St Mary Woolnoth

I called at St Mary Woolnoth Church last month, one of those many fine establishments in our capital’s heart. It is another grandiose affair, with elegant pillars and generous applications of gold paint. Yet it is not the architecture that set me all-arapture, but its association with a great sinner saved by grace- the Revd John Newton. A former slave trader and slave-ship captain, he had been marvellously converted to Christ in 1748. He continued his association with the despicable trade in flesh for several more years until he came to realise that its horrors were entirely incompatible with the values of the Lord Jesus. In 1784 until his death in 1807, Newton was the minister here at St Mary’s. It was also here that he spoke to the young MP William Wilberforce, urging him to fight the pernicious trade in Parliament, rather than become a clergyman. It was Wilberforce who, after many years of labour, successfully had first the trade, and then the institution, prohibited in law. St Mary Woolnoth is great, but not so great as the one who once served here, nor is it as great as the grace that saved him.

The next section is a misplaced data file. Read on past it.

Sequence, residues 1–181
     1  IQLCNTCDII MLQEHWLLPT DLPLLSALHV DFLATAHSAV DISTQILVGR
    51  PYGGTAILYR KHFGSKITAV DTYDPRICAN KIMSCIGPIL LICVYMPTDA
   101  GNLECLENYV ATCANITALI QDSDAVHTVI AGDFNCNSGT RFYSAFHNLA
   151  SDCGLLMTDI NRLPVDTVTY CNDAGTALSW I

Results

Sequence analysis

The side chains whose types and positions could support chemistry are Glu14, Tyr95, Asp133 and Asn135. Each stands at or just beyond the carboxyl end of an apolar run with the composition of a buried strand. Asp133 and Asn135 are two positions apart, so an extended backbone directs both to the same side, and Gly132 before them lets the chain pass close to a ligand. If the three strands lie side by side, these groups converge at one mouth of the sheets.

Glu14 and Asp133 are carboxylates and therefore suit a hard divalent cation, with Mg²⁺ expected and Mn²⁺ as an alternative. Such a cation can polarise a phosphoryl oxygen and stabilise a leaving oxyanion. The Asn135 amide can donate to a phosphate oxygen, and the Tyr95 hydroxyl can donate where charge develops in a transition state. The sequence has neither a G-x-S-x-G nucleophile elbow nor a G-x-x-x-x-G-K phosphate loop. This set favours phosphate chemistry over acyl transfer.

Though the blood of hundreds of Africans cries out against Newton from the ground, calling for God’s rightful vengeance, a better voice than the blood of Abel is heard beseeching the Father's throne- “Forgive this sinner- for his crimes I have paid”.

1.Although on massy pillars built,

The earth has lately shook;

It trembled under Britain’s guilt,

Before its maker’s look.


2. Swift as the shock amazement spreads,

And sinners tremble too;

What flight can screen their guilty heads,

If earth itself pursue.


3. But mercy spared us while it warned,

The shock is felt no more;

And mercy, now, alas! is scorned

By sinners, as before.


4. But if these warnings prove in vain,

Say, sinner, canst thou tell,

How soon the earth may quake again,

And open wide to hell.


5. Repent before the Judge draws nigh;

Or else when He comes down,

Thou wilt in vain for earthquakes cry,

To hide thee from His frown.


6. But happy they who love the Lord

And His salvation know;

The hope that’s founded on His Word,

No change can overthrow.


7. Should the deep-rooted hills be hurled,

And plunged beneath the seas;

And strong convulsions shake the world,

Your hearts may rest in peace.


8. Jesus, your shepherd, Lord, and chief,

Shall shelter you from ill;

And not a worm or shaking leaf

Can move, but at His will.

-John Newton